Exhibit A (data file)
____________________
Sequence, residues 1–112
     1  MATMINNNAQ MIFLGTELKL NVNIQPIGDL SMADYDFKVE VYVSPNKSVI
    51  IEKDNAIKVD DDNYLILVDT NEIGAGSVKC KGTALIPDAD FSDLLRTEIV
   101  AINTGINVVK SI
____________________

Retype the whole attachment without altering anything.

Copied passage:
Sequence, residues 1–112
     1  MATMINNNAQ MIFLGTELKL NVNIQPIGDL SMADYDFKVE VYVSPNKSVI
    51  IEKDNAIKVD DDNYLILVDT NEIGAGSVKC KGTALIPDAD FSDLLRTEIV
   101  AINTGINVVK SI